Publish in Commentary - Wednesday, November 14, 2012
The IMF has threatened to give Argentina and President Cristina Kirchner a red card. The American Task Force Argentina has already given the Kirchner government a red card. (Collage based on Casa Rosada photo).
Protests in Buenos Aires on November 8. (Photo: jmalievi)
Argentines increase their protests against Cristina Kirchner’s regime.
BY LATINVEX EDITORS
You can fool all the people some of the time and some of the people all the time but you cannot fool all the people all the time.
Abraham Lincoln’s wise words are still valid today. Take Argentina, where the government has manipulated official data on inflation, GDP and even murder rates.
An increasing number of Argentines have had enough. Last week, hundreds of thousands marched through the streets of Buenos Aires to protest the growing insecurity, lies about inflation and plans by President Christina Fernandez de Kirchner to change the constitution so she can seek a third term.
Many also protested Kirchner’s attacks of Clarin, the largest newspaper and a frequent critic. She is threatening sanctions if it refuses to abide by a controversial anti-monopoly law, which goes into effect next month and requires Clarin to sell off several assets.
Meanwhile, union loyalists of Kirchner have repeatedly blocked the exit of the newspapers Clarín and La Nación, another leading newspaper and critic, reportedly for different reasons not related to politics. Each time, the police refuse to interfere, resulting in massive distribution problems for the two independent newspapers. The moves have been criticized by the Inter American Press Association (IAPA).
CRIME AND INSECURITY
Insecurity is now the top concern in Argentina, according to 83 percent of respondents in a recent poll by the Management and Fit. According to official data, Argentina has a murder rate of 5.5 per 100,000 inhabitants. However, a recent report by La Nacion shows that the numbers exclude a large number of “undetermined” deaths. Recategorizing them could add as much as 30 percent to current murder statistics. “That highlights the political sensitivity of violent crime in Argentina and subjective perceptions of insecurity, bringing into question the effectiveness of the authorities' crime and security policy,” IHS Global Insight said in a recent analysis. “In the highly charged current context of Argentine politics, that is likely to provoke wider skepticism over crime statistics in coming months.”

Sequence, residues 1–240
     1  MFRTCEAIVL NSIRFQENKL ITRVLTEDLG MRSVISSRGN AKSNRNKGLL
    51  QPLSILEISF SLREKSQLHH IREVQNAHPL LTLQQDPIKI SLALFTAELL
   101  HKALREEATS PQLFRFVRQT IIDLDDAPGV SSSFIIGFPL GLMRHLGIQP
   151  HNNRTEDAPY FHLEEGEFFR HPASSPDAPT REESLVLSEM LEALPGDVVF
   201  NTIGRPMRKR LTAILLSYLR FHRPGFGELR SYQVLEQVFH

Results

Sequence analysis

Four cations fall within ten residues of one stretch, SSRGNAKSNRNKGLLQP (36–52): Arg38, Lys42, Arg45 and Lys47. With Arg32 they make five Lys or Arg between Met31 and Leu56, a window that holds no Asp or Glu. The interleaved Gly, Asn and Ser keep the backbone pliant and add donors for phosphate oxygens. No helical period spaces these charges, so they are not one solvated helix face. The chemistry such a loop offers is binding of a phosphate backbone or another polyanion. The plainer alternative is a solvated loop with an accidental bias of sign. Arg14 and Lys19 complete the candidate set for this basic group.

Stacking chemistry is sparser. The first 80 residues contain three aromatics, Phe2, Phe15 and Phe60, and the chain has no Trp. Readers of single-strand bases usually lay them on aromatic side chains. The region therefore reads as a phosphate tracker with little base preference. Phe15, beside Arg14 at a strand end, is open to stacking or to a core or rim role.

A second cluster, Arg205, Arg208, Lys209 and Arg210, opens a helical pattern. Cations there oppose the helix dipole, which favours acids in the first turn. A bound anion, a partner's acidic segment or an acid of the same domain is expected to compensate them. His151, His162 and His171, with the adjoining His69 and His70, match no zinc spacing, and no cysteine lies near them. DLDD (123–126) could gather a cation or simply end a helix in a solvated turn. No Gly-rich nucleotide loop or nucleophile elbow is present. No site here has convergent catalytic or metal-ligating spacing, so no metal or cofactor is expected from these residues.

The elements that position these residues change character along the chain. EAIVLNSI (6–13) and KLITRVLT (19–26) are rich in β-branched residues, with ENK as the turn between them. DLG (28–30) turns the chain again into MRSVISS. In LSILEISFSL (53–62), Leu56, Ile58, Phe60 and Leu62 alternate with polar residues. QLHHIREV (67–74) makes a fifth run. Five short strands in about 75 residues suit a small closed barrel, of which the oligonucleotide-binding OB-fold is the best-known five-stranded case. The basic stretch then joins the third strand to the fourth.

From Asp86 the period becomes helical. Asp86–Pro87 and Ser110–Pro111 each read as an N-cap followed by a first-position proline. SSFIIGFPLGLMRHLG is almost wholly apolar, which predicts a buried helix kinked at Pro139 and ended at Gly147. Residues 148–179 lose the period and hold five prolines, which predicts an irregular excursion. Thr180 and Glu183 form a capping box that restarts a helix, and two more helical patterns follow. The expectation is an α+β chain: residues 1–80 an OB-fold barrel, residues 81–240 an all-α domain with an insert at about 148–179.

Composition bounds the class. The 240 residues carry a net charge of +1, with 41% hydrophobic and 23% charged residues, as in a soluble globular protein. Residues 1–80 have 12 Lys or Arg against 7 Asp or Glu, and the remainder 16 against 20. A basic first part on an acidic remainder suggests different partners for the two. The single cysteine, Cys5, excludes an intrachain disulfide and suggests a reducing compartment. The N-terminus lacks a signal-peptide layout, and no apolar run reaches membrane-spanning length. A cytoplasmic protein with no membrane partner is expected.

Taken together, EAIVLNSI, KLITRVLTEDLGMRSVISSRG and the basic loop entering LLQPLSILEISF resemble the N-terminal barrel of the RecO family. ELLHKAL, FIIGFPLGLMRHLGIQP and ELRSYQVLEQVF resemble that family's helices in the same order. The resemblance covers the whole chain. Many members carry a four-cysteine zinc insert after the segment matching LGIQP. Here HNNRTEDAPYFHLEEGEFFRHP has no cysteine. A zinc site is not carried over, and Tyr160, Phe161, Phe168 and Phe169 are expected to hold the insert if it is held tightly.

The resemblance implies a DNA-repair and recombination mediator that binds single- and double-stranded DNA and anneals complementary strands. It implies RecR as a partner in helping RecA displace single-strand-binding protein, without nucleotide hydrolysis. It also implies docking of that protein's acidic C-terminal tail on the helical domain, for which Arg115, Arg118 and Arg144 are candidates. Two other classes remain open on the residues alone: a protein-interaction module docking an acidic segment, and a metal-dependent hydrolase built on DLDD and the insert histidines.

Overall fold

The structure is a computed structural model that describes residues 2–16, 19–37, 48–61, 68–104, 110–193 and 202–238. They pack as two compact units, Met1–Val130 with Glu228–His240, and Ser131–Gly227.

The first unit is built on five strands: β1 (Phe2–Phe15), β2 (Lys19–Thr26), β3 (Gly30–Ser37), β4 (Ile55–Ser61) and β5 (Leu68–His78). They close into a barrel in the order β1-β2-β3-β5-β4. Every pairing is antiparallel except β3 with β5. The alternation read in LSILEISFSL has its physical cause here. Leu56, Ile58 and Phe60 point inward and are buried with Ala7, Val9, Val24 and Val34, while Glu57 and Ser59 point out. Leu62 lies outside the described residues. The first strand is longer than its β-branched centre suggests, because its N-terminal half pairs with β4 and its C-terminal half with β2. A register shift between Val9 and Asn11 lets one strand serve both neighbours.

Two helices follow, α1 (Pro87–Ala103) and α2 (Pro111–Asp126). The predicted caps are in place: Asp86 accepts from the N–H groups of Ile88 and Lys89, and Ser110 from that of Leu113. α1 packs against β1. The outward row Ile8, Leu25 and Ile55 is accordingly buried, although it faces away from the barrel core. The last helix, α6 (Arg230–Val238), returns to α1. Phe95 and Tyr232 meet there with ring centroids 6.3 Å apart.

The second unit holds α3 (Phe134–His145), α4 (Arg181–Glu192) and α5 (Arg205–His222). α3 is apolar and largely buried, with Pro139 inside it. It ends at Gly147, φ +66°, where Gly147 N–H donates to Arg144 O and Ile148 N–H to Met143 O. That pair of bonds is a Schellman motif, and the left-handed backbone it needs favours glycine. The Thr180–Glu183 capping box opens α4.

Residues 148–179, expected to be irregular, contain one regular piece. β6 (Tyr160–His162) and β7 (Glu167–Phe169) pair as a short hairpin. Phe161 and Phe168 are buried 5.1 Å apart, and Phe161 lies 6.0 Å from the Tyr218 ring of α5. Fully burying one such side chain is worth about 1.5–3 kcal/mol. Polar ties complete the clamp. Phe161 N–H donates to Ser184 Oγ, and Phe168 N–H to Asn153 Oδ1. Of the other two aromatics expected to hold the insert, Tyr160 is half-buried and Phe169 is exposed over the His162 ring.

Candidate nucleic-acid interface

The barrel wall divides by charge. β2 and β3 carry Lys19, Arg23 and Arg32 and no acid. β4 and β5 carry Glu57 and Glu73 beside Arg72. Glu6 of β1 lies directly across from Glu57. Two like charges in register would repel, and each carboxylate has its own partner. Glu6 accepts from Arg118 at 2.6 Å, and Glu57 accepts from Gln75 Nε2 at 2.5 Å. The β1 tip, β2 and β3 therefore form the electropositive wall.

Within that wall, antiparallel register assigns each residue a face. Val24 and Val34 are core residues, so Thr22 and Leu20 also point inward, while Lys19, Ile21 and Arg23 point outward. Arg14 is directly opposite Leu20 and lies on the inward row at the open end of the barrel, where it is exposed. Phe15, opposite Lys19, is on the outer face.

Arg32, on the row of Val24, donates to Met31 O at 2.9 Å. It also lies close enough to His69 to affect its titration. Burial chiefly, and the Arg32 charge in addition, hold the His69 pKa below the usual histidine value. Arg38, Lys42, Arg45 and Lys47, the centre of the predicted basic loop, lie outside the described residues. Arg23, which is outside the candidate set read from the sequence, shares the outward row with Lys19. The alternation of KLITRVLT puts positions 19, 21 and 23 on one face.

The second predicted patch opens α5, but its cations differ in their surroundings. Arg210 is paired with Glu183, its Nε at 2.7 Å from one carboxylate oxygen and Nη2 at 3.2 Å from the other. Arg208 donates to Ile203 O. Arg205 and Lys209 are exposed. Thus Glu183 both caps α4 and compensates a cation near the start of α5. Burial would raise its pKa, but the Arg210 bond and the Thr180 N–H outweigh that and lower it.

INFLATION: MAKING IT WORSE
While lying about inflation, Kirchner’s policies are also likely to keep them growing. New measures aimed at stemming the demand for dollars through currency controls may actually drive up inflation, according to Reuters.
The controls also make it difficult for Argentines to travel abroad. "It's a violation of our freedom," Pablo García, 17, told the Daily Telegraph during the protest last week.
Argentina will likely have Latin America’s highest inflation this year, according to a Latinvex analysis based on estimates from the International Monetary Fund and private-sector estimates in Argentina.
However, Kirchner is not only manipulating the data but also punishing those who seek the truth. The government now sanctions (with fines and jail) those in the private sector that publish their own calculations for inflation. As a result, independent data is now released by opposition members of the national assembly who have immunity against the sanctions.
NOT SOCCER BY ANY STANDARD
And when the IMF warns Argentina it needs to stop manipulating the macro economic data, Kirchner answers with intransigence. The IMF has given Argentina until next month to clean up its numbers or face sanctions such as expulsion from the fund. Or the equivalent of a red card in soccer, as IMF Managing Director Christine Lagarde said. (The American Task Force Argentina has already given Kirchner a red card over her refusal to pay the country’s debt. The debt mess has most recently led to Ghana last month confiscating naval ship Libertad at the request of NML Capital Ltd, which claims Argentina owes it $300 million on bonds in default since 2002).
“My country is not a soccer team, it is a sovereign country and as such is not going to accept a threat,” Kirchner responded during a speech at the United Nations. “This is not a soccer game.”
She is, of course, right. Soccer is generally cleaner and less prone to manipulation of the kind Kirchner specializes in.
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